Judy: No. Bridget also married a Ringrose, either before or after Stephen Wigmore died in 1900, but I strongly suspect Ringrose was her second marriage. Bridget’s origins are very difficult to trace, perhaps impossible, due to the different spellings I’ve seen of her maiden name. Heck…for all we know, we could be heirs to a Tabasco sauce fortune. Or, if not heirs, at least entitled to a free bottle or two.
Curator: What can you tell us about the McCullen side of the family?
Judy: Mabel McCullen-Simmers, your grandmother, my great-aunt, had thought that John McCullen’s father was a Stephen McCullen, and that the family was from the Troy, New York area after immigrating from Ireland. I believe Mabel was combining names of her grandfathers, and mentally transposed Stephen Wigmore’s first name, with her McCullen grandfather’s name.
Curator: So who was her grandfather?
Judy: My research proves that her McCullen grandfather, was Maurice (the Irish spelling for what we in the States pronounce, Morris) McCullen, a shoemaker, who I believe is the M. McCullen, age 25, shoemaker, who arrived in NY aboard the ship George Washington on Oct. 4, 1852, from Liverpool. Our Maurice is surely the one who received his naturalization in NYC on Oct 19, 1868. Maurice is likely the Maurice McCullen that is listed in Griffith’s Valuation of Ireland from the late 1840s, in the northern end of Dublin. The McCullen name with that spelling, is found in the Drogheda area, and it is possible that he migrated south a bit to Dublin to work.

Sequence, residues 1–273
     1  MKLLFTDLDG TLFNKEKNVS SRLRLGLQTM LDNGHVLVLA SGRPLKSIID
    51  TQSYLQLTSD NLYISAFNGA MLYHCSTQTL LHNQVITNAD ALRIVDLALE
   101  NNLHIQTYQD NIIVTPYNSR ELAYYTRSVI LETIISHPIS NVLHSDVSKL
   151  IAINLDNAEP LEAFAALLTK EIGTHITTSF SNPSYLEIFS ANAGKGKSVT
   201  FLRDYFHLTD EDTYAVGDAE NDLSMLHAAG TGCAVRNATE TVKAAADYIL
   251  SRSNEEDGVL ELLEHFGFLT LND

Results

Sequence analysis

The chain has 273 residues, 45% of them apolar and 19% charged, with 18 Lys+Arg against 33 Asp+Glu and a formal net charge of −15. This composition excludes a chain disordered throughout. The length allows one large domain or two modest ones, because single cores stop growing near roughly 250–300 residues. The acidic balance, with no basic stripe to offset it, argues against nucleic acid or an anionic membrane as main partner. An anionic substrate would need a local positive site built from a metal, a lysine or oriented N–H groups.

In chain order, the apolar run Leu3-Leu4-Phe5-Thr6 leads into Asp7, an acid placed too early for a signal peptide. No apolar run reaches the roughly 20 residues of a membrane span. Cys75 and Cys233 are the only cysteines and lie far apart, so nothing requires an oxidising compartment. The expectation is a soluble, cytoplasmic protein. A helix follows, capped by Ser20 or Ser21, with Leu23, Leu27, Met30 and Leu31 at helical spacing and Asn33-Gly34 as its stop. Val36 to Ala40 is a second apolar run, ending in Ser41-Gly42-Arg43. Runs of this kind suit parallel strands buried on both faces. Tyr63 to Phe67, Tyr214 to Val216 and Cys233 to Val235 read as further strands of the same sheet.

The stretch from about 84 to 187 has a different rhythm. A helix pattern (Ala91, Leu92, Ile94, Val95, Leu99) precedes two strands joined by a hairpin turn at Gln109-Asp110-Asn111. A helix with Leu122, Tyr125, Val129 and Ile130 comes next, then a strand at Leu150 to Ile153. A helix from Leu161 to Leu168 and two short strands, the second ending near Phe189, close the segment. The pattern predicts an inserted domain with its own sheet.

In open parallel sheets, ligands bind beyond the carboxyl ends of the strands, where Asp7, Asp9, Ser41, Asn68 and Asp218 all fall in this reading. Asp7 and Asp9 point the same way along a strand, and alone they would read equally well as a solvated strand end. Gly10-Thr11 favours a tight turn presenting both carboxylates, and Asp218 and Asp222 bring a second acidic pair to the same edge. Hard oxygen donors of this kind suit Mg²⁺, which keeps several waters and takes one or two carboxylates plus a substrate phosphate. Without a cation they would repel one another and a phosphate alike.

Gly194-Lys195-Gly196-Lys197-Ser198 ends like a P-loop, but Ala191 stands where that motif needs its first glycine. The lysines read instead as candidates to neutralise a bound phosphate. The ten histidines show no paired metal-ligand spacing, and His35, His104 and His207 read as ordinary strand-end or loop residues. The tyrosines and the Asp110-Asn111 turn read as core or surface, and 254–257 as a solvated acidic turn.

Curator: Who did Maurice marry?
Judy: He married Mary Ann (known as Annie) Carr, the daughter of Edward Carr and Margaret McHolland, sometime before 1856. Maurice was born in 1825-26, and Annie was born in Ireland in 1827-30. I don’t yet know whether they married in Ireland, or New York. They were living on Hester Street in Manhattan in 1858 and had three children that I know of, all born in New York–Edward Jas., born 1857, our John J., born 1858-59, and James, born 1860-61.
Curator: What became of the children?
Judy: Edward, the older brother, was a plumber and steam fitter who married Alice Pierce in about 1880. They had 7 children; only two surviving to adulthood. Our John was a painter (and decorator, per Aunt Mabel), fireman, and a member of the NYC Special Police. Mabel also told me that he was involved in politics. James was a founder (he would have been casting iron or brass) who married three times. The the first marriage was to Mary Conroy, with whom he had four children. The second marriage was to Jessie Baxter Taylor, and they had one son. His third marriage was to none other than your great-grandmother and mine, and the widow of his brother John–Margaret Bridget Wigmore.
Curator: That’s scandalous!
Judy: Yes. James died in 1935. Aunt Mabel never mentioned Margaret’s marriage to James, and I have not found their marriage record, so it is possible that they were living together as husband and wife without a ceremony. It is just as likely that I just have not found the marriage record yet.
Annie Carr-McCullen died in January of 1889, from a fall she took getting out of a chair 10 months earlier. Maurice McCullen died in September of 1894. They are buried in Calvary Cemetery, in Queens.
Curator: Where does the McCullen name come from?
Judy: The McCullen name is a variant of MacQuillan–a name that you will find connected with the early days (16th century), at Dunluce Castle, in Co. Antrim, Ireland. You can read a brief history of the castle at this site: http://www.northantrim.com/dunlucehistory1.htm. I took some photos there in August of 2009; it’s a breathtaking place.